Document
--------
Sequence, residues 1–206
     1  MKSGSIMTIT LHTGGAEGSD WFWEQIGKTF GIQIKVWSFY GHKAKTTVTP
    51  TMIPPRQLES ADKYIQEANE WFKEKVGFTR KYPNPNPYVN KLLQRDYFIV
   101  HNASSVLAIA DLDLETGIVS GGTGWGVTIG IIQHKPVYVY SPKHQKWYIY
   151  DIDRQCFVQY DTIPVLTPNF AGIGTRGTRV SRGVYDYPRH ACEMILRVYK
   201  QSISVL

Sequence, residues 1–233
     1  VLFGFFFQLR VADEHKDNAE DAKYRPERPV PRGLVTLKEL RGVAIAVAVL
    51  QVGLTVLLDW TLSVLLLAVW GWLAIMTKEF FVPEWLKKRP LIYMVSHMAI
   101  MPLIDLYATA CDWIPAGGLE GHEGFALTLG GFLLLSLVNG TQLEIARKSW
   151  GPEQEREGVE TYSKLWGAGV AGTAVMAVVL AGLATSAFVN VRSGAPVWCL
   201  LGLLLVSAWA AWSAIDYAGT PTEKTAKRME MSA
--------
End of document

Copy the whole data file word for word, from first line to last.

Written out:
Sequence, residues 1–206
     1  MKSGSIMTIT LHTGGAEGSD WFWEQIGKTF GIQIKVWSFY GHKAKTTVTP
    51  TMIPPRQLES ADKYIQEANE WFKEKVGFTR KYPNPNPYVN KLLQRDYFIV
   101  HNASSVLAIA DLDLETGIVS GGTGWGVTIG IIQHKPVYVY SPKHQKWYIY
   151  DIDRQCFVQY DTIPVLTPNF AGIGTRGTRV SRGVYDYPRH ACEMILRVYK
   201  QSISVL

Sequence, residues 1–233
     1  VLFGFFFQLR VADEHKDNAE DAKYRPERPV PRGLVTLKEL RGVAIAVAVL
    51  QVGLTVLLDW TLSVLLLAVW GWLAIMTKEF FVPEWLKKRP LIYMVSHMAI
   101  MPLIDLYATA CDWIPAGGLE GHEGFALTLG GFLLLSLVNG TQLEIARKSW
   151  GPEQEREGVE TYSKLWGAGV AGTAVMAVVL AGLATSAFVN VRSGAPVWCL
   201  LGLLLVSAWA AWSAIDYAGT PTEKTAKRME MSA